The study's findings, which appear in the November issue of Developmental Psychology, are based on an analysis of existing data from more than 35,000 preschoolers in the United States, Canada and England.
"The paramount importance of early math skills--of beginning school with a knowledge of numbers, number order and other rudimentary math concepts--is one of the puzzles coming out of the study," said Duncan, Northwestern University's Tarry Professor of Education and Social Policy and a Faculty Fellow at the Institute for Policy Research.
Controlling for IQ, family income, gender, temperament, type of previous educational experience, and whether children came from single or two parent families, the study found that the mastery of early math concepts on school entry was the very strongest predictor of future academic success.
"Mastery of early math skills predicts not only future math achievement, it also predicts future reading achievement," Duncan said. "And it does so just as reliably as early literacy mastery of vocabulary, letters and phonetics predicts later reading success." The opposite--reading skills predicting math success--does not hold up.
The study's conclusions about the importance of early academic and attention skills are consistent with recommendations from expert panels of early mathematics and literacy professionals. The study's authors did not look at curricula.
"Certainly we're not suggesting that preschool programs abandon play and impose dull 'drill-and-practice' curricula," Duncan said. "Play-based curricula designed with the developmental needs of children in mind can foster the development of academic and attention skills in ways that are engaging and fun."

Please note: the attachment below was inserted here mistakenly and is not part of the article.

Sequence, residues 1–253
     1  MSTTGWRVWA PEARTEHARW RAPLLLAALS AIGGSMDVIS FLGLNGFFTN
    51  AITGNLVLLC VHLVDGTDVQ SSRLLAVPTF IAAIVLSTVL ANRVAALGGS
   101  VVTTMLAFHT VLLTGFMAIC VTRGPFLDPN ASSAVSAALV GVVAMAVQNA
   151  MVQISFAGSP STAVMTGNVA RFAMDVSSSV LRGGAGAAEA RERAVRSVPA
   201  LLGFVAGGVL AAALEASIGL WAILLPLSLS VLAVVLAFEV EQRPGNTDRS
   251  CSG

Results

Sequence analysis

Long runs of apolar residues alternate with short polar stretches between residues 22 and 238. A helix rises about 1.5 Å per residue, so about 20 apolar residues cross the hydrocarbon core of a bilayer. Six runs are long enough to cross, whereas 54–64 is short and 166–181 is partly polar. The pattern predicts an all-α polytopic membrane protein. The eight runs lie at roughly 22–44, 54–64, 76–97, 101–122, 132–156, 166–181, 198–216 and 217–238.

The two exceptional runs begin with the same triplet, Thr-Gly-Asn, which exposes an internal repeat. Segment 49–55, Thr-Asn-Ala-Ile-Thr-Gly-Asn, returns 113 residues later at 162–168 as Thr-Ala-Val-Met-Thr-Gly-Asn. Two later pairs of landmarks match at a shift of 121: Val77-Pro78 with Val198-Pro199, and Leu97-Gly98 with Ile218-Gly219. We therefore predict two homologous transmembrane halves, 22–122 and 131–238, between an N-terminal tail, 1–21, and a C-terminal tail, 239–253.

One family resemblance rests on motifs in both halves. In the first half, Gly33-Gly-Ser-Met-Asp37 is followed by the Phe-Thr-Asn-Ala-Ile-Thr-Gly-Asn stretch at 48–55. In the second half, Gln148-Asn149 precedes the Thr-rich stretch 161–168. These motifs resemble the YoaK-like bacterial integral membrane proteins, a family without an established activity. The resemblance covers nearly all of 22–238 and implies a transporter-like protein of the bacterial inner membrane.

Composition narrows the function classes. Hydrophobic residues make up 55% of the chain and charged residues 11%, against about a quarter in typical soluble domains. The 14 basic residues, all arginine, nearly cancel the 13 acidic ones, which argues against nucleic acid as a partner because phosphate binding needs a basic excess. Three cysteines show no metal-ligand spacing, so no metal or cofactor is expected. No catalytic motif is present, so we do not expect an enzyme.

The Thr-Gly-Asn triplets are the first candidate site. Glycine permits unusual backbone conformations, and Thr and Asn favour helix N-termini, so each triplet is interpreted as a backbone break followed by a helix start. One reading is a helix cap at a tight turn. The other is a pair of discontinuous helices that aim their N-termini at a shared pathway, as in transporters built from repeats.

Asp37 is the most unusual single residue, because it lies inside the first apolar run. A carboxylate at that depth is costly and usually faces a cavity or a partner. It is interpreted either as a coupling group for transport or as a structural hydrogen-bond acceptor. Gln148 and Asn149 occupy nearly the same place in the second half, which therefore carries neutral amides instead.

Using six longitudinal studies, the authors of "School Readiness and Later Achievement" measured school readiness skills and behaviors when a child entered school (at around age 5) and measured for later academic achievement between ages 7 and 14.
[The journal article is available online at the above Web site.]
Source: San Antonio Express-News
URL: http://www.mysanantonio.com/news/education/stories/MYSA103007.01A.SCI ENCESHORTAGE.346bc07.html
...It's no longer news that the American science juggernaut is losing ground to India, China and other countries busy churning out computer scientists and engineers, or that Texas is failing miserably in its goal of handing out more degrees in these fields. But a recent report by the Texas Higher Education Coordinating Board shows that the state is continuing to fall behind despite warnings from educators and business leaders eager to hire skilled workers that something must be done.
According to the "Closing the Gaps" report, the number of undergraduates at public schools earning a degree in science, technology, engineering or math--often called STEM fields--has declined in the past three years, from 14,600 to 13,000. With the target of 24,000 STEM degrees by 2010, the trend line is headed in the wrong direction, and it's raising alarms.
Government, nonprofit organizations and private donors are throwing money at universities and programs that aim to entice more kids, and K-12 teachers, into STEM fields. Lawmakers in Texas have mandated tougher high school curriculum, and some of the state's most eminent scientists, business moguls and policymakers have made it a banner issue. Attention is also being focused on rethinking the way science is taught in college...